Someone recently wrote on my Facebook page that going zero-waste requires a home, a garden and an outdoor compost bin. While I do agree all of this certainly helps, I also believe everyone can reduce their waste.
Perhaps reading about zero-wasters induces feelings of paralysis for some. “OMG, she raises backyard geese, makes her kids sidewalk chalk out of the ground-up eggshells and sews pillows stuffed with the feathers and down!” You can start small. If you aim for perfection, you may never begin, or if you do begin, you may soon give up.
It’s like when I started dating Todd, a near freakishly talented pianist. I quit piano lessons. Not that going zero-waste compares at all to mastering Chopin. Once you adopt a new lower-waste routine, you’ll likely find it easy—and pleasurable. I’ve come up with five baby steps for beginners. I would suggest choosing one and working up to more. Think of these as the “Chopsticks” of zero-waste. (I promise, no rulers on the knuckles.)
1. Commit to one zero-waste meal per day
In 2011, I traveled to Dominica in the Caribbean. Our gracious hostess owned an organic farm in the rainforest there and she fed us homemade granola every morning topped with fresh bananas, plantains, passion fruit or mango, flaked coconut and coconut milk, all harvested from nearby trees. I vowed to stop buying cereal when I returned home. If you want to cut one processed food from your life, cut cereal. You have so many other choices for breakfast: scrambled or poached eggs, fruit, homemade yogurt topped with, steel-cut oatmeal topped with fruit, fermented porridge, sourdough waffles and on and on. If you buy your ingredients in bulk, you can make all of these zero-waste.
2. Cut juice, soda, bottled water and any other beverage packaged in a plastic container or Tetra Pak
Juice contains as much sugar as soda. You may as well drink a Coke. Bottled water…don’t get me started. If you haven’t seen it, I highly recommend watching “The Story of Bottled Water,” produced by The Story of Stuff. Long ago, I bought juice and I’m ashamed to admit bottled water but today I buy only loose-leaf bulk tea in my own jars and milk in returnable glass bottles. That doesn’t mean we don’t consume a variety of beverages (including filtered tap water). I make:
So making all of these may go beyond a baby step but you could start with the easy-to-make chocolate syrup if you don’t feel up to trying anything more advanced—and you like chocolate 😉
3. Buy bread from a bakery
I bake lots of sourdough bread these days. I realize not all bread eaters will bake sourdough bread and many will opt to buy it instead. If you buy yours, find a bakery that sells bread loose and take your own cloth produce bag with you to store it in. If you decide to start baking your own, try sourdough. The process takes me three days but I do very little over those three days. I really just babysit the microbes that transform three simple ingredients—flour, salt and water—into bread.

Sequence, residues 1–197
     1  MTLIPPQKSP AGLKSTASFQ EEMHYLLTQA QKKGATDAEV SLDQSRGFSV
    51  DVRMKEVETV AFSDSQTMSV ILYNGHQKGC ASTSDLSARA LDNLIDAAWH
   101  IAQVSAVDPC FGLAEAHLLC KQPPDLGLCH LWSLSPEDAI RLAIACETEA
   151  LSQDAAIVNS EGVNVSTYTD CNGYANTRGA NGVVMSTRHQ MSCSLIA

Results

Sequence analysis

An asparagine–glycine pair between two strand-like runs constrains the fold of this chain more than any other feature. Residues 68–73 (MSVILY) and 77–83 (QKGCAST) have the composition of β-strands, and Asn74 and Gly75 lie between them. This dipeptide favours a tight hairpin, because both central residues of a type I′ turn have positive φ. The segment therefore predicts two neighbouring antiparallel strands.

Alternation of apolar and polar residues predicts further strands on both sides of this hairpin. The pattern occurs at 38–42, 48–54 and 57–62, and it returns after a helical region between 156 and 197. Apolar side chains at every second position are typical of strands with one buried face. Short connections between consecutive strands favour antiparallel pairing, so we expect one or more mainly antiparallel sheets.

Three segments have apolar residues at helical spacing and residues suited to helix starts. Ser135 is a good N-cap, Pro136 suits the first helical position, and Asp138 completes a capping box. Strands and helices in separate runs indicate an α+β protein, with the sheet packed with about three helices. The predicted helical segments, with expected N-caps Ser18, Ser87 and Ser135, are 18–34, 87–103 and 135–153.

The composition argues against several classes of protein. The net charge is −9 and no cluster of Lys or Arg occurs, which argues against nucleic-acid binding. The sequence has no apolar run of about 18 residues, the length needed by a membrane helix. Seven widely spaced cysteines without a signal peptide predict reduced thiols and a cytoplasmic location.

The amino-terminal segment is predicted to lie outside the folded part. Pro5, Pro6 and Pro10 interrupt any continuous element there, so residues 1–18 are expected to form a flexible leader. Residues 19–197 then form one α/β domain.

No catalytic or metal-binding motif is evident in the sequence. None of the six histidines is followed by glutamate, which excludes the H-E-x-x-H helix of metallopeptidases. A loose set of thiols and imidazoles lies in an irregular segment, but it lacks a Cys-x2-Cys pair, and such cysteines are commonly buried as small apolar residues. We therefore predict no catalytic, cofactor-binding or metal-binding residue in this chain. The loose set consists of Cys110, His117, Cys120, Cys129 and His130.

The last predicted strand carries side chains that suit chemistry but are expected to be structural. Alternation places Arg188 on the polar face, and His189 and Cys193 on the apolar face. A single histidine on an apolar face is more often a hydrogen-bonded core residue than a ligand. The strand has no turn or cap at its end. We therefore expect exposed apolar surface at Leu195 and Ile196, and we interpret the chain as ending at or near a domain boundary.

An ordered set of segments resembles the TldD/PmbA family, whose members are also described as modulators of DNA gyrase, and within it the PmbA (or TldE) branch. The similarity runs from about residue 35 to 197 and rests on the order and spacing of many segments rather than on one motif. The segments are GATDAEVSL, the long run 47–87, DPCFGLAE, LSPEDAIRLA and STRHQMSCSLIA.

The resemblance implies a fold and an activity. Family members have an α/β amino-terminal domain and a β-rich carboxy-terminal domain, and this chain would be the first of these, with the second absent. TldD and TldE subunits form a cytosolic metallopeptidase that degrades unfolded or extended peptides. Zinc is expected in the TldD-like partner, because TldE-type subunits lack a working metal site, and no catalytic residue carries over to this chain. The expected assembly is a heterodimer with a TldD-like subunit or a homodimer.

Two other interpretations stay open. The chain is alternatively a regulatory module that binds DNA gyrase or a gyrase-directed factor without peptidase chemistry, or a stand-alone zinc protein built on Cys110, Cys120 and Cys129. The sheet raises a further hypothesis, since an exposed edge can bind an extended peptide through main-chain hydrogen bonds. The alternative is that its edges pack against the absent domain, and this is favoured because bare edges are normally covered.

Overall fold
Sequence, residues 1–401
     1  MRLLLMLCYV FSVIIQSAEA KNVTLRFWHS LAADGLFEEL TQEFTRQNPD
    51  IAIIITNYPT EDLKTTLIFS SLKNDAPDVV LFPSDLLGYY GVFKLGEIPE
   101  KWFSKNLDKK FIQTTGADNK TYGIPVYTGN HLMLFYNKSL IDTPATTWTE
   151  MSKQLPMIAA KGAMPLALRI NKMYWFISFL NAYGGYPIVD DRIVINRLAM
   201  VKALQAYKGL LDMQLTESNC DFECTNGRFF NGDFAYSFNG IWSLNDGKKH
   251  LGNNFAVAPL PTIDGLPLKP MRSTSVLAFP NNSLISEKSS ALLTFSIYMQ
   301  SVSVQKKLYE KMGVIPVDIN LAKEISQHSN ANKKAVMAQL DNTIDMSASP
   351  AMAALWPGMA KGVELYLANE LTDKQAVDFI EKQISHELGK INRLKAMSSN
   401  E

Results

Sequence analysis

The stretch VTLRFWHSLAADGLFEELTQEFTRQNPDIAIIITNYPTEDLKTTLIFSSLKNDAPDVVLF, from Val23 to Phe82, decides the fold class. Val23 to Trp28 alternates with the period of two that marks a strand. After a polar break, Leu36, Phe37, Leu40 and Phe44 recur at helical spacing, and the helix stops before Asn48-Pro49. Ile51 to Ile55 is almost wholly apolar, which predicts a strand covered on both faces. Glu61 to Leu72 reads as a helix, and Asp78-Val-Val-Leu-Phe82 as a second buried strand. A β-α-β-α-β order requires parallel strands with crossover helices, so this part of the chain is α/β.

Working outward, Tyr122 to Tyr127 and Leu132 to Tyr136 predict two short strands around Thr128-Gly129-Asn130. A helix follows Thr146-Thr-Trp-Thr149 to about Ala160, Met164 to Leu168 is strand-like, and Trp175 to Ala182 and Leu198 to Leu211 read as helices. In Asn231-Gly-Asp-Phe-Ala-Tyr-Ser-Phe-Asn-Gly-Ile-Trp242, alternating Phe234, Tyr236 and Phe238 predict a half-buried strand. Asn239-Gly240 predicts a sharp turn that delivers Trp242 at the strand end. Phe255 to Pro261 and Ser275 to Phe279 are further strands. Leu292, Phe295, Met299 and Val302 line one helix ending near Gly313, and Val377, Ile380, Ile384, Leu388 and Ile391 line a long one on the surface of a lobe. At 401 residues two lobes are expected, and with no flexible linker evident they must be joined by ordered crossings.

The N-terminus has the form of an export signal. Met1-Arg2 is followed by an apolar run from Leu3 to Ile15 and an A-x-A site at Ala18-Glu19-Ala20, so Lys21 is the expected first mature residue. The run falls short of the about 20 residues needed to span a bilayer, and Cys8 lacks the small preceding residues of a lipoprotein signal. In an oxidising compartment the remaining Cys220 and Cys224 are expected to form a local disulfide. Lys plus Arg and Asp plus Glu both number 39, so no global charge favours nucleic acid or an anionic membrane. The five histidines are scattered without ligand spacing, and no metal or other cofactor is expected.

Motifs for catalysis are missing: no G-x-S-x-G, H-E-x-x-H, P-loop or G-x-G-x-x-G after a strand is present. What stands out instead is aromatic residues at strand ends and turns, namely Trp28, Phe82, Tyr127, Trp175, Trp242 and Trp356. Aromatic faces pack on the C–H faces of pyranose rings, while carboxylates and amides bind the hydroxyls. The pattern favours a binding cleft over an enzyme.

4. Reach into the pantry for personal care products
I’ve been using my homemade deodorant for at least three years and I’ll never go back to the commercial stuff. (You’ll find the recipe here.) It contains coconut oil, baking soda, non-GMO corn starch and essential oil. It works like magic. I make scrap vinegar which I use (among other ways) to rinse my hair after washing with baking soda. My older daughter has also made us toothpaste with ingredients similar to the deodorant; mouthwash made with spices steeped in vodka for a month; and lip balm and hand cream both made with beeswax, various oils and essential oils.
5. Eat lower on the food chain
Like Michael Pollan says, “Eat food. Not too much. Mostly plants.” We do eat some meat but not a lot and I always hand the butchers my containers to fill when I do buy it. They often thank me for doing this now (it wasn’t always that way)! However, I do cook vegetarian meals regularly and sometimes vegan ones. Eating less meat and fish both simplifies shopping and cooking and reduces your waste. What is the most disgusting, smelly thing in your garbage pail? Likely wasted meat or fish, bones (if you don’t make bone broth, which I urge you to try!) and the bloody or wet packaging of the meat or fish. I love dal, channa masala, curries, refried beans, falalfel, egg-plant parmigiana, quiche and so on. If you want a little snack, grab an apple or orange.
Everyone has to start somewhere. Think of what I would be able to play today had I not quit piano lessons 10 years ago! I better dig out my old sheet music…